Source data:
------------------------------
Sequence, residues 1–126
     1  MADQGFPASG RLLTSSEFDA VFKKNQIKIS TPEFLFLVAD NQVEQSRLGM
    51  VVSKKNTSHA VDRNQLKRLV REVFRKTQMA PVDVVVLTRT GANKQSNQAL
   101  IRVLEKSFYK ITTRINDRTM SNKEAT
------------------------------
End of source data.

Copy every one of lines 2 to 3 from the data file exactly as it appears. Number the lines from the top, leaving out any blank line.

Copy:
     1  MADQGFPASG RLLTSSEFDA VFKKNQIKIS TPEFLFLVAD NQVEQSRLGM
    51  VVSKKNTSHA VDRNQLKRLV REVFRKTQMA PVDVVVLTRT GANKQSNQAL